# Is there something more efficient than For to solve thousands of similar numerical calculations? [closed]

I have a really big vector (nearly 30,000 elements) called x and am trying to numerically find the root of a function where one of the parameters successively takes each value stored in the vector. At the moment, I'm using a For loop (I know a lot of people here cringe at the very mention of For loops for some reason; sorry):

For[j=1,j<=Length[x],j++,
f = SOME REALLY COMPLICATED FUNCTION OF t AND x[[j]];
sol[[j]]=t/.FindRoot[f,{t,t0}];
Clear[t];
];
Print[sol];


I'm wondering whether there's a more efficient way of doing this (I'm talking code-wise, not things like some simple approximation to f which gives an acceptably small error). Currently, my code takes just over 5 minutes to run (I've got a few more operations before and after the numerical bit, but they don't take long, so perhaps the numerical bit takes 4-5 minutes). I've tried setting it up as a vector operation (see code below), but after about 10 minutes of evaluation I quit the kernel because it was clear to me that that wasn't going to be more efficient than the For loop. Here's my vector-operation code:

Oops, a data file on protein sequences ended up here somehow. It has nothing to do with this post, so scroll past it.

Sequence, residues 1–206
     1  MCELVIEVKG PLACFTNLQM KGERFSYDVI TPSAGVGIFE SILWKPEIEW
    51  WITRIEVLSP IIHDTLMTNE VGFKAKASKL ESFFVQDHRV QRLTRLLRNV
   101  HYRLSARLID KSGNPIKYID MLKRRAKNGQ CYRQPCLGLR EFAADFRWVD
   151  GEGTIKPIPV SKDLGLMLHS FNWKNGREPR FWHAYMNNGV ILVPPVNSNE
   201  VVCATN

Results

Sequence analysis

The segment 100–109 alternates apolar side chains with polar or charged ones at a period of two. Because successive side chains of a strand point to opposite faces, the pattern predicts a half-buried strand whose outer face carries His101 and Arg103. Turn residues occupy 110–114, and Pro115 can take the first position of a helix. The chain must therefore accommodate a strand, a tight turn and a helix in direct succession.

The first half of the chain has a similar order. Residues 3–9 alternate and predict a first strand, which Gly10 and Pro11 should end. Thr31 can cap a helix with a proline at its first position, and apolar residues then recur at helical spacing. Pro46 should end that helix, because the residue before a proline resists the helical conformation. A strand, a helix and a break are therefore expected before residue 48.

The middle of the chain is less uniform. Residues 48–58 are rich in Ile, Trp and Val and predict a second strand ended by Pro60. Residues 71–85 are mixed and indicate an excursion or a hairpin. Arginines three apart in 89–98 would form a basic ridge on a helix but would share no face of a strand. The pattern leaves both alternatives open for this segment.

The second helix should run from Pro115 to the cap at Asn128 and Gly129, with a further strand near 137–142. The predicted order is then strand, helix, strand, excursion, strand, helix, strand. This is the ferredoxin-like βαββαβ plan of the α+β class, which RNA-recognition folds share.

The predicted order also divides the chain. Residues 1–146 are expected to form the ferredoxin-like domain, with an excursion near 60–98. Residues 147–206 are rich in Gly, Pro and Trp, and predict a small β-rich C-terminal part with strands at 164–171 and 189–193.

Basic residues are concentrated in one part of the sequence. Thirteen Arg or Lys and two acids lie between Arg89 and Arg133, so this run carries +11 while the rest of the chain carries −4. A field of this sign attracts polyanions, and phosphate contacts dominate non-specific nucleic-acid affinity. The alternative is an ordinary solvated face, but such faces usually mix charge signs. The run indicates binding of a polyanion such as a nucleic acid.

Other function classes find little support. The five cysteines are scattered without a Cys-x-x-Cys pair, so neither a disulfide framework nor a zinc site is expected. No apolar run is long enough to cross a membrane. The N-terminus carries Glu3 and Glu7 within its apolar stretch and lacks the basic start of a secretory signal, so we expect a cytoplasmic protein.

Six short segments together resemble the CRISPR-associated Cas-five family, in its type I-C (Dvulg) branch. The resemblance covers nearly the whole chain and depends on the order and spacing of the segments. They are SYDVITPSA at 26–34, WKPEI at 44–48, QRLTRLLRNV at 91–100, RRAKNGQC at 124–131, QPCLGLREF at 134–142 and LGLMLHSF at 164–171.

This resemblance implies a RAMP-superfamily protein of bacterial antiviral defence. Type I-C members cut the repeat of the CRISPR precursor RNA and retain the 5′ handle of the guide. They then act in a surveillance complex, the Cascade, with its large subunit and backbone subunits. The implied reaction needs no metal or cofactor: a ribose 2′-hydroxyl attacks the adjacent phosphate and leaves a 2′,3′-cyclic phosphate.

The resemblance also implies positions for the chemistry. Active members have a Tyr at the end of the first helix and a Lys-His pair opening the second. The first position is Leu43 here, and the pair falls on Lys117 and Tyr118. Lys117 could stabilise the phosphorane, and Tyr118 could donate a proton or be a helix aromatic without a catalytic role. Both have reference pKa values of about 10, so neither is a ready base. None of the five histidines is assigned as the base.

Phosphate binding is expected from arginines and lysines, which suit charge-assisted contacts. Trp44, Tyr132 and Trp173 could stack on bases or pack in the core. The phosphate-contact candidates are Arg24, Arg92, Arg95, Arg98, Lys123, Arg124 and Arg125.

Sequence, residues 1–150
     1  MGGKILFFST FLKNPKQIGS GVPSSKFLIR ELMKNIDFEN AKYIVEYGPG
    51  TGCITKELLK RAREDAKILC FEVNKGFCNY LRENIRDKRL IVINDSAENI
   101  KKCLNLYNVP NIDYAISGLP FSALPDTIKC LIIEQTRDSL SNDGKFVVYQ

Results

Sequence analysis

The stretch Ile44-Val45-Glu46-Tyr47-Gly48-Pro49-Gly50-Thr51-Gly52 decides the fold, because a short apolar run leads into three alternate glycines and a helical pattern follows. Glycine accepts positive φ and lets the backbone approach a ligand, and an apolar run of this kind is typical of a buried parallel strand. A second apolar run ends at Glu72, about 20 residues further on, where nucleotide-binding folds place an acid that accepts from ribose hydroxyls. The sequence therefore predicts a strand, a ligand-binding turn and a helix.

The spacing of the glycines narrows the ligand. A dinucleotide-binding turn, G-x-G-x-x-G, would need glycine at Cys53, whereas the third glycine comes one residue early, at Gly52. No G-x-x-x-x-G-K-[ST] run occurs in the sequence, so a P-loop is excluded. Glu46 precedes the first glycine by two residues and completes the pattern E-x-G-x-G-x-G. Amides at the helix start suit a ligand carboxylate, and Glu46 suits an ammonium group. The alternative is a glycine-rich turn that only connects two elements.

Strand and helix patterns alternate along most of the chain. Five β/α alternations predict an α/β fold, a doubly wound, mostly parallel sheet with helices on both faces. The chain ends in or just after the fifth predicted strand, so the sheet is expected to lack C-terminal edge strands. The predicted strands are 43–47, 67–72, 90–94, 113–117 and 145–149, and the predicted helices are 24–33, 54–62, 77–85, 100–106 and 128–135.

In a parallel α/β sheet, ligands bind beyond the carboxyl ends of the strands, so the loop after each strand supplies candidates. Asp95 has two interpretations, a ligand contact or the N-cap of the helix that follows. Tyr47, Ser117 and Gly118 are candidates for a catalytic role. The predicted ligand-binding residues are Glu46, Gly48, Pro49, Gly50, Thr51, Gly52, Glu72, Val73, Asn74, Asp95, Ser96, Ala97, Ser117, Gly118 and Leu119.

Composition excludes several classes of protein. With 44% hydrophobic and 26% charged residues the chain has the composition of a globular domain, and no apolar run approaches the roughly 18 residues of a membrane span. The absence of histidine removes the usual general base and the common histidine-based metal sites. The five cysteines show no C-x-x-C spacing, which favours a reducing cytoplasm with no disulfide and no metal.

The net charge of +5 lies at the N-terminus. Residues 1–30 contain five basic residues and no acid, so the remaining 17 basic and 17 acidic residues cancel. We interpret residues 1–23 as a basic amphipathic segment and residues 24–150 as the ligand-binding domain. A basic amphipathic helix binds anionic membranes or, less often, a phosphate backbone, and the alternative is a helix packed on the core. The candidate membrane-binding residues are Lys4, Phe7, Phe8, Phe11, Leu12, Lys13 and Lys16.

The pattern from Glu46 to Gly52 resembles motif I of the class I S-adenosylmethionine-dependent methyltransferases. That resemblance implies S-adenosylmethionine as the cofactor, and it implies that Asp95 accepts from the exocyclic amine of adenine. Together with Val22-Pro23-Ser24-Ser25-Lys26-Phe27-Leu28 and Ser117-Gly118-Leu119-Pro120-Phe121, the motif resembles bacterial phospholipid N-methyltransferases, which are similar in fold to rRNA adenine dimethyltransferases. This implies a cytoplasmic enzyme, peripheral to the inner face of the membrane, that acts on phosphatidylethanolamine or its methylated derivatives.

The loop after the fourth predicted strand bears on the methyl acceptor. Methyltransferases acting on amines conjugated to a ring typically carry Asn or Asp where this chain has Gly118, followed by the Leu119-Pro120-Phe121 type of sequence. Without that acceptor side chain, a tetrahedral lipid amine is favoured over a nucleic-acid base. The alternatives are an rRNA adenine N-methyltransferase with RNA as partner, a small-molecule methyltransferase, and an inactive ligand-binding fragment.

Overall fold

f = SOME REALLY COMPLICATED FUNCTION OF t AND x;
sol=t/.FindRoot[f,{t,t0}]
Print[sol];


• (a) People cringe because of this. (b) Consider parallelization, i.e. sol=ParallelTable[t/.FindRoot[SOME REALLY COMPLICATED FUNCTION OF t AND x[[j]],{t,t0}],{j,Length[x]}]. (c) Consider Compile. May 23, 2017 at 15:47
• Best bet would be to focus on different settings for FindRoot that might improve its performance. That is almost certainly where the bottleneck lies. May 23, 2017 at 16:03
• If the solutions working through the x vector are not far off from each other, use the last t as the start point for the next FindRoot iteration. May 23, 2017 at 16:25
• Compile (link) does, as its name suggests, compilation. It takes a series of mathematica commands and compiles them to machine language which is more efficient in terms of running time. Two things: If this will do anything, it will probably mainly accelerate the COMPLICATED FUNCTION and not FindRoot, so if the bottleneck is in FindRoot I wouldn't bother. Second, not all mathematica's commands are compilable so this might not work for you. May 23, 2017 at 18:29
• If you can take derivatives of f, you could recast the problem as an ODE, and then the output of NDSolve will give you an interpolating function that can be used on your vector. May 23, 2017 at 19:33